Mid-June Common Sense Media/America’s Promise Alliance surveys found that schooling’s “new normal” has hit teenagers hard—especially those who are black, Latino, and Asian.

If a parent, you’re not surprised.

As school psychologist Rob Coad reminds us: “One of their [teens] main jobs in life is developing social connections. Their job is to differentiate from the parents and establish relationships with peers, and we’re blocking that. They’re missing an important developmental moment.”

The upshot: In May, a National 4-H Council/Harris Poll found that:

  • 55% of teens reported struggling with anxiety,
  • 45% reported excessive stress, and
  • 43% reported depression.

And on July 28, CDC Director Robert Redfield testified that suicides and drug overdoses had surpassed COVID-19 deaths—and continue to rise.

Got that?

Nevertheless, and despite parent pleas, on November 13, the Montgomery County, (PA) Board of Health voted 5-0 to shutter ALL public and private schools for two weeks, starting November 23. Many had just reopened using hybrid schedules, with a remote choice.

The reasoning: Rising COVID cases made the decision unavoidable, caused, they said, “by parties, sleepovers, and other social gatherings, including Halloween parties.”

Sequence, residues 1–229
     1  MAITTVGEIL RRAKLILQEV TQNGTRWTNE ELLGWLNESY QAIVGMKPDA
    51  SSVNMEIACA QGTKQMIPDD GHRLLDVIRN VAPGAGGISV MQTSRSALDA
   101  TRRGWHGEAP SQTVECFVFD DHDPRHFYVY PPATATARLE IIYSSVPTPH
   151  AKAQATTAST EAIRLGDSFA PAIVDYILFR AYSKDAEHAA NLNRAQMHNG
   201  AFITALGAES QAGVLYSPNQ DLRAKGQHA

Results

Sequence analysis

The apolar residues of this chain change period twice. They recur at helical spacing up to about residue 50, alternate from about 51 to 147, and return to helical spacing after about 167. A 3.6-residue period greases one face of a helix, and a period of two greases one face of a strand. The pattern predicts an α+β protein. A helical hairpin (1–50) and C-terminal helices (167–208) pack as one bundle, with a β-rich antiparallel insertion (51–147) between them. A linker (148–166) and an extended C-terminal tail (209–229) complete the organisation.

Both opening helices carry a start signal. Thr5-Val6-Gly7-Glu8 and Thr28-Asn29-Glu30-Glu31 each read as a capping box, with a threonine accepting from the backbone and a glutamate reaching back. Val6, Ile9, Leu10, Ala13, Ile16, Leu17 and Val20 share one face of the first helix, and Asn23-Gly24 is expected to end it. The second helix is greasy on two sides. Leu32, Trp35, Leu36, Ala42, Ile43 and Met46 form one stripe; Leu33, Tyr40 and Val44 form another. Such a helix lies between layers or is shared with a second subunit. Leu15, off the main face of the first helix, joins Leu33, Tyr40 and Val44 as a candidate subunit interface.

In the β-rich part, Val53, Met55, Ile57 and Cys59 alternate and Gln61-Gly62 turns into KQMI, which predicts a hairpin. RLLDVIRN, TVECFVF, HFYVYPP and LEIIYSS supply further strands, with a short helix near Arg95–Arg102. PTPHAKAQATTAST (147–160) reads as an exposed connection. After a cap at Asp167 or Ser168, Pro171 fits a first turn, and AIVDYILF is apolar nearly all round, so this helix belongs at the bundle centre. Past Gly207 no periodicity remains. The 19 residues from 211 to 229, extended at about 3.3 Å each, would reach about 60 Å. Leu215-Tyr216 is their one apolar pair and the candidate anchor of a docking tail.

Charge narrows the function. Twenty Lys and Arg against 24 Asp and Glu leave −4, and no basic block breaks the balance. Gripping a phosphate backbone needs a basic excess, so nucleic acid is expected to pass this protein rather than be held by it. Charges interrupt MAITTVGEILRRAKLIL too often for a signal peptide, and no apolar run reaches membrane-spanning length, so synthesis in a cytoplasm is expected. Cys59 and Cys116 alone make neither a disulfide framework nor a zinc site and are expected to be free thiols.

Said a mom: “I can guarantee you that that my son and his future will suffer if you do this.”

They did it anyway.

And they’re not alone. As COVID cases rise, fearful school districts across the nation are closing up shop again, including those in Detroit, Cincinnati, and Des Moines.

Some never opened their doors this fall, including Philadelphia which has now decided to stay remote for the long haul.

This despite dean of Brown University’s School of Public Health Dr. Ashish K. Jha, reminding us that, “… There are other things that are far more high risk that we’re leaving open while being remote in schools, and that doesn’t make any sense…”

In his view: “There’s no doubt in my mind that schools need to be bolder than they’re being. There is a large mental health cost to children. And we know this is going to very substantially widen the achievement gap between wealthier/white students and poorer students of color…”

Should the powers-that-be listen and proceed accordingly, or no way?

  • The FCC’s new Suicide Prevention Hotline: 988
  • The National Suicide Prevention Lifeline: 800-273-8255